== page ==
AGC Houston continues to be actively involved in a number of legislative and regulatory issues. The association’s Government Affairs Committee addresses industry issues with city and county governments as well as the Port of Houston, school districts and other government entities, providing a crucial voice in the policymaking process. In one recent example, the association helped to defeat the state tax on labor on jobsites, saving members millions of dollars. Environmental regulations continue to be a pressing regulatory issue and AGC Houston is committed to striking the right balance. “As an industry we like to have safe environments,” Mr. Nevlud points out. “We live in these communities so we… are very cognizant of doing things right. But the government has placed some really restrictive rules in place that hurt everybody.”
Overall, the state of the industry in the Houston area is positive, Mr. Nevlud reports. “We are very fortunate to be in Houston. From about 2008 to 2012, we were pretty much the last ones to go into that [recession] and the first ones to come out.” Low oil prices are certainly having a negative effect at the moment, but overall the region has proven remarkably resilient. “With the current dip in the oil price, a good number of projects have been put on hold. I would go so far as to say many will probably never be built.” But public sector projects are making up for the loss. “Two school districts in the last three years have passed $2 billion bonds and there are several others that are in the half a billion range. The K-12 school work is really strong. And last session, the legislature approved approximately $5 billion in tuition revenue bonds which means a lot of money is going into higher education.” Construction spending in Houston’s medical sector is also increasing. “The medical community was a little bit on hiatus because they were trying to understand what the Affordable Care Act meant, what was going on. But within the last year a lot of work in that industry has been released. We have gotten significant work from four major medical centers… The medical sector is a huge driver in our community.”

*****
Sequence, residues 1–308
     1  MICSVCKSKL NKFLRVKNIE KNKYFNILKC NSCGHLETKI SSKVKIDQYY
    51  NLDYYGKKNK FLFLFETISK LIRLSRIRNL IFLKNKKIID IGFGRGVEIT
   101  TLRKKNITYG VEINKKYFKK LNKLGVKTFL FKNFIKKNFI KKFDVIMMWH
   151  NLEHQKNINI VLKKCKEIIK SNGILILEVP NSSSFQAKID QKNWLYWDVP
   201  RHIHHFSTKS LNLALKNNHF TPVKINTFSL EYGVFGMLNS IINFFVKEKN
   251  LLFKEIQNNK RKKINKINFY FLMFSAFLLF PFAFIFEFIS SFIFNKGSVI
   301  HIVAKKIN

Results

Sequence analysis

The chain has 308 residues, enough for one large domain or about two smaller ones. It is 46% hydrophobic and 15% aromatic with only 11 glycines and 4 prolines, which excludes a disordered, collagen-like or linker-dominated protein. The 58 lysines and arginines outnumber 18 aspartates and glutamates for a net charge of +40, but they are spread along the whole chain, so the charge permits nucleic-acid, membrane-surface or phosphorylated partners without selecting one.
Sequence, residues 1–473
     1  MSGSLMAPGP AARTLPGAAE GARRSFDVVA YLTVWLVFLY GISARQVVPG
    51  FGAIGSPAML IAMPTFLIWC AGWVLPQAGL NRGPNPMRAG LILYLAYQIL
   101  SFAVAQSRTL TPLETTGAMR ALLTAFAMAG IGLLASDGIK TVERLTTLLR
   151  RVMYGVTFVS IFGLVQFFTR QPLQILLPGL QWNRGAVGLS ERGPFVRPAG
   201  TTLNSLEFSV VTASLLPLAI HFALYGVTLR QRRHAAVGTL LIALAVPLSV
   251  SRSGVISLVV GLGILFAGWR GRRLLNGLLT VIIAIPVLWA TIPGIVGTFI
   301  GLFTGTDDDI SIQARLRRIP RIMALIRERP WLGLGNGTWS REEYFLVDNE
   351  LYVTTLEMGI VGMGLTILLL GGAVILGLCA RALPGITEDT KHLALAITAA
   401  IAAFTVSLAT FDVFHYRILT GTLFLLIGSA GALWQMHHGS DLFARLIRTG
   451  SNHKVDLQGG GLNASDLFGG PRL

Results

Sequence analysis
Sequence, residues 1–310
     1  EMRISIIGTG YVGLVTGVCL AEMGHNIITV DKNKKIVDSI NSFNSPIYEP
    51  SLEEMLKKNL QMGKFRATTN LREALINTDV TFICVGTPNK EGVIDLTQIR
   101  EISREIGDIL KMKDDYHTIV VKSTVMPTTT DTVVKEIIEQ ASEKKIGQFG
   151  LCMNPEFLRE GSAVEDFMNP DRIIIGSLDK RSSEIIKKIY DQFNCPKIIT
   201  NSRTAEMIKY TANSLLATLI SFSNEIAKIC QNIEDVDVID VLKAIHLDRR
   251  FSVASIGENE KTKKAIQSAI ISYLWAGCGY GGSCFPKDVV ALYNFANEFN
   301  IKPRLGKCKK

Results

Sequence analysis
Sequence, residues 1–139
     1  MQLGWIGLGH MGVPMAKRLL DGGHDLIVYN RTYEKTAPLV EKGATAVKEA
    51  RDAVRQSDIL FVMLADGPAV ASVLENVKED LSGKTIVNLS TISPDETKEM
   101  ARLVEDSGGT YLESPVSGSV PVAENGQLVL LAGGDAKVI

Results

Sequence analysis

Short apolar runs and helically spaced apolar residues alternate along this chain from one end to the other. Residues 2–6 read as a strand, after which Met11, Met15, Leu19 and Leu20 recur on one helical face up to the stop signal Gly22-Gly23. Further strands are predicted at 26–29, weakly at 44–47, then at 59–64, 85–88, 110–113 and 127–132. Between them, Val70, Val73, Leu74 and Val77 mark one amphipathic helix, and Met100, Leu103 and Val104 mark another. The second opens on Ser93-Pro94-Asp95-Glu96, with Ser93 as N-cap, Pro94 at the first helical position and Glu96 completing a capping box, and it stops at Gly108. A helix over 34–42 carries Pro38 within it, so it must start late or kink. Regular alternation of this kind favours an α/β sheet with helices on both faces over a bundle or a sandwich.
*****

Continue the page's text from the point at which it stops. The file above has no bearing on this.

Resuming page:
The underlying reasons for Houston’s resiliency are complex, but the city’s entrepreneurial character and reluctance to over-regulate likely play a strong role, Mr. Nevlud says. “Houston is a very entrepreneurial city. There is a lot of opportunity.” The Port of Houston – the busiest port in the United States in terms of foreign tonnage – also plays a critical role in maintaining a strong local economy.
Even though the outlook looks good, Mr. Nevlud is not counting chickens before they hatch. “I won’t guess where Houston is going. In our industry you just never know.” Globalization has made it even more difficult to predict industry trends. “Now our industry is so global that if something happened this morning in China it could have an incredible impact on us tomorrow. I don’t have the forecast.”
AGC Houston will be laying out a new strategic plan next year, ensuring that the association will be prepared for whatever the future may bring. “Our chapter is starting to do a lot of homework, a lot of research, have a lot of conversation in order to [determine] what we look like in five years, what are we doing in ten years. That is a hard question because things change.” A major focus of the new strategic plan will be on the next generation of leaders, who will be responsible for taking the association and the industry into the future. While this future cannot be known, current indicators certainly look positive, both for AGC Houston’s ongoing leadership role and for Houston’s construction industry as a whole. For more information, visit AGC Houston’s website at www.agchouston.org, the Construction Career Collaborative at http://www.constructioncareercollaborative.org/, and the Greater Houston Partnership at www.houston.org/upskillhouston.